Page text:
Review: The Orchid House

I received this book for free from NetGalley in exchange for an honest review. This does not affect my opinion of the book or the content of my review.

The Orchid House by Lucinda Riley
Published by Atria on February 14, 2012
Genres: Historical, Mystery, Romance
Pages: 449
Format: eARC
Source: NetGalley
Goodreads
four-half-stars

For fans of The House at Riverton and Rebecca—a debut spanning from the 1930s to the present day, from a magnificent estate in war-torn England to Thailand, this sweeping novel tells the tale of a concert pianist, Julia, and the prominent Crawford family whose shocking secrets are revealed, leading to devastating consequences for generations to come.

As a child Julia Forrester spent many idyllic hours in the hothouse of Wharton Park, the great house where her grandfather tended exotic orchids. Years later, while struggling with overwhelming grief over the death of her husband and young child, she returns to the tranquility of the estate. There she reunites with Kit Crawford, heir to the estate and her possible salvation.
When they discover an old diary, Julia seeks out her grandmother to learn the truth behind a love affair that almost destroyed Wharton Park. Their search takes them back to the 1930s when a former heir to Wharton Park married his young society bride on the eve of World War II. When the two lovers are cruelly separated, the impact will be felt on generations to come.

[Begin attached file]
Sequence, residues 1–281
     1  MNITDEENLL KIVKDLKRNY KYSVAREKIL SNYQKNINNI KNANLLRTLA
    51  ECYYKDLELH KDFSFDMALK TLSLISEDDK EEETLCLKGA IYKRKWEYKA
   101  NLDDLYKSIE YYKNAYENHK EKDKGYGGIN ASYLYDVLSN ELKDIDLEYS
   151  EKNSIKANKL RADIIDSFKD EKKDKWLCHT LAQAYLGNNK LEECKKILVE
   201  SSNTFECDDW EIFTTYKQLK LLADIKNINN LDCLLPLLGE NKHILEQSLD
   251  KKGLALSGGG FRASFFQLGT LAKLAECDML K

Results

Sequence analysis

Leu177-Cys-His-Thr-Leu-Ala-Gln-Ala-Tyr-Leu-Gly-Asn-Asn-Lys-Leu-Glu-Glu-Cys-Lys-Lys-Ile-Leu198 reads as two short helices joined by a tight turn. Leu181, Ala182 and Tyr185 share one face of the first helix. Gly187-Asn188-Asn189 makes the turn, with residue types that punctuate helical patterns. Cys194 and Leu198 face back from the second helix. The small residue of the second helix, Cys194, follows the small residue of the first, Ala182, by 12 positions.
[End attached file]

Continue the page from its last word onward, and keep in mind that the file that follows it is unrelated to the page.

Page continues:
Lucinda Riley skillfully sweeps her readers between the magical world of Wharton Park and Thailand during World War II with irresistible and atmospheric storytelling. Filled with twists and turns, passions and lies, and ultimately redemption, The Orchid House is a romantic, poignant novel that became an instant bestseller in the UK and Germany.

What an incredibly beautiful story. The lyrical language caught me from the very beginning. Lucinda Riley’s novel is impressive, weaving together a tale that spans decades and continents.

Julia, at first, is not the most likable character; she is too lost in her depression, the cause of which you do not know for a while, to be too understandable, at least to someone lacking such an experience. She is actually rather rude to her well meaning family members, pushing away those that would help. But, as she becomes enthralled by the glimpses into the past, she begins to open up, like an orchid perhaps, revealing the bright spirit underneath.

Riley’s novel champions love. She definitely seems to believe that real love is out there. However, she also clearly knows that love does not always win out. In fact, love may lose more often than not. Many romances end in tragedy, due to bad timing or a lack of reciprocation. She points out too how passion can blind one, and that love might be more calm than exciting. The variations of love felt by the characters is touching and inspirational and sad.

The historical fiction sections were completely fascinating, not that the modern ones were not. I know absolutely nothing about the WWII occurrences in Thailand. My favorite thing about historical fiction is learning things I previously didn’t know. I may need to research this. Also, I now really want to go to Thailand and swim in the ocean.

If you like well-written fiction, do not miss this. Also, this might appeal to Downton Abbey fans. Speaking of Downton, both seasons just arrived in the mail. So excited!!!

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